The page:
In which our intrepid hero explores the minutiae of the mediaeval specie economy.

I’ve spent the last couple of days perusing the excellent Dungeonomicon and K’s other substantial (and erudite) revisions of D&D 3.5.

I do, however, have particular issues with the Economicon. First, we’ll look at how precious metals were used historically.

In the Middle Ages, gold saw very limited practical use, outside of acting as a conspicuous sign of status. Dentists, physicians and glaziers used gold in their work, but empires are neither built of good teeth, nor coloured glass.

Silver was used in mirrors and musical instruments, and—as with gold—in medicine and glazing. More notably, however, it found its way into many household items (with which I will deal shortly).

Of the three traditional coinage metals, copper is by far the most useful. It was, of course, used in important alloys such as bronze and brass. It also saw use in piping (although clay, lead and stone, being much cheaper, saw far more extensive use), its malleability and heat conductivity made it ideal for cookware and laundry coppers, and it could be made into roofing and doorknobs and all sorts of things; again, it was also used in glazing.

In later days, it was hammered onto ships’ hulls to protect them from barnacles, and used to plate the insides of powder magazines (unlike iron, there was little risk of a spark igniting the powder).

Being relatively simple to mine, refine and process into marketable goods made copper one of the most useful metals in history. Iron, on the other hand, required specialised knowledge to work (although not nearly as much as, say, aluminium), something which Mao discovered much later, during the Great Leap Forward.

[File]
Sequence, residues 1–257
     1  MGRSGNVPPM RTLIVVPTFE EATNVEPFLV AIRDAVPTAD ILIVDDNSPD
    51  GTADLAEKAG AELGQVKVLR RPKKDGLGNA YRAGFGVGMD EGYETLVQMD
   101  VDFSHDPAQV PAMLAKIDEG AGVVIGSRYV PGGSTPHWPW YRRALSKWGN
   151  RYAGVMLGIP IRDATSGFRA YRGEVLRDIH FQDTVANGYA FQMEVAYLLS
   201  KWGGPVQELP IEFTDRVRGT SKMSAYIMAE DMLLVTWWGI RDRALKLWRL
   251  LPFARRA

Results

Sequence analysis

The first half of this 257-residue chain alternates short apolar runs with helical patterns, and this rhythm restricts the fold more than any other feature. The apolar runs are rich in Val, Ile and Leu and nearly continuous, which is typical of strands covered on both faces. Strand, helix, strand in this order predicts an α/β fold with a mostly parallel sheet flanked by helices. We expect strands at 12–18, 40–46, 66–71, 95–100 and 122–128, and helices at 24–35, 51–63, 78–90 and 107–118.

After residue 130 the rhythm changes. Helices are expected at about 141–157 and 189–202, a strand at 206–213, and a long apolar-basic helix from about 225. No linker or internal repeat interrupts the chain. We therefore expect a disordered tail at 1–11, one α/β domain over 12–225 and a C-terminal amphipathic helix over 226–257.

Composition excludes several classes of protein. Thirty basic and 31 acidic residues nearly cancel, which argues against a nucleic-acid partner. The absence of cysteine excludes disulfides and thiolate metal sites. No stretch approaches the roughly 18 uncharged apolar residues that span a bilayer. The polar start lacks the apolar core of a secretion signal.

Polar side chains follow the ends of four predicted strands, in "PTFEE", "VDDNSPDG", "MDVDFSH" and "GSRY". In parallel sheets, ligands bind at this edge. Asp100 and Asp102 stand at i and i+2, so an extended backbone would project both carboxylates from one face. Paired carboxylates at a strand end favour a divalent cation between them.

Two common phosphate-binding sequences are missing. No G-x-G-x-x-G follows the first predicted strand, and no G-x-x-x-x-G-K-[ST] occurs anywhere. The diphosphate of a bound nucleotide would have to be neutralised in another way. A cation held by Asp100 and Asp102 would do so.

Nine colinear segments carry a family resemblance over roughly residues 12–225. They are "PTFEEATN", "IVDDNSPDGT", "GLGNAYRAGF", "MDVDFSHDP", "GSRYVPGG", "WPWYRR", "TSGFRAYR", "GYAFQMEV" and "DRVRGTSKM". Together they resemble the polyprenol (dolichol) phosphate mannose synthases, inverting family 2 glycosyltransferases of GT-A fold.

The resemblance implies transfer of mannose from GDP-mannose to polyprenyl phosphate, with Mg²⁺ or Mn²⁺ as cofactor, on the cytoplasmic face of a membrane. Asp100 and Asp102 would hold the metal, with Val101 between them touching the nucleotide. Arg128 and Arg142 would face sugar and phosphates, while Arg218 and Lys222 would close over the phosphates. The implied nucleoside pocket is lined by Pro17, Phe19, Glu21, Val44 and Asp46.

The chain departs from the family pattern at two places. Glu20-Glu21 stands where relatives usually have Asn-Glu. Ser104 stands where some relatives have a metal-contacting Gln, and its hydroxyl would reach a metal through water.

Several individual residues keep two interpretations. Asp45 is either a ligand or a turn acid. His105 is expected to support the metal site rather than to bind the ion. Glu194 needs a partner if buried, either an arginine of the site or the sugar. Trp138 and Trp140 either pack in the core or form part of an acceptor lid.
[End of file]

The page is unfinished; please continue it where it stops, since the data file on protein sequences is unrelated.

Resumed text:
This paucity of expertise in metallurgy (a factor compounded by poor literacy, worse communication and, later, by guild monopoly) and economies of scale led to a market in which weapon- and armour-grade steels were idiotically expensive. It’s not that far-fetched that a suit of full plate might be valued as the equivalent of 15,000 man-days of peasant labour.

(Note: K incorrectly states that unskilled labour reaps a silver piece a week—they actually earn a silver piece a day. See the DMG, p105, or the PHB, p112.)

Masterwork pieces (beaten together in a master smith’s workshop, from exotic alloys such as wootz, or from forge-welded composites and/or laminates) would, understandably, be even more expensive.

(Equipment prices, as K states, really are too high. I particularly agree with K in that the standard 300gp masterwork surcharge is unrealistic; I don’t think it’s too unreasonable to charge double or triple for masterwork goods, and leave it at that.)

Next, let’s look at what people in the Middle Ages (and early Renaissance) did with their wealth.

The first noticeable sign of wealth is likely to be in the form of higher-quality consumption, rather than higher-quantity. A family might supplement its diet with meat and wine, wear newer and more expensive clothing, and move into a newer, larger house. They might also pay physicians for healing (rather than relying on the village crazy woman, with her elixirs and pomanders of weeds), buy better tools and better-bred beasts of burden. They might even replace their wooden teeth with gold.

As such, though, they don’t consume much more, just better, and many of these higher-quality consumables will probably have to be imported.

Next, luxury goods might come into the picture. Often, these can’t simply be paid for in kind, as demand in small settlements simply can’t support specialised artisans. A portable means of exchange—specie—is required to pay for goods that must travel some distance.

Which is not to say that wealthy families hoarded stacks of gleaming coin. For the same reason that you might own a $1200 television, but not keep $1200 cash in your home, sometimes such wealth is too portable and acts as a lure for thieves. Often their savings were in a slightly less liquid and portable, but nonetheless manageable form.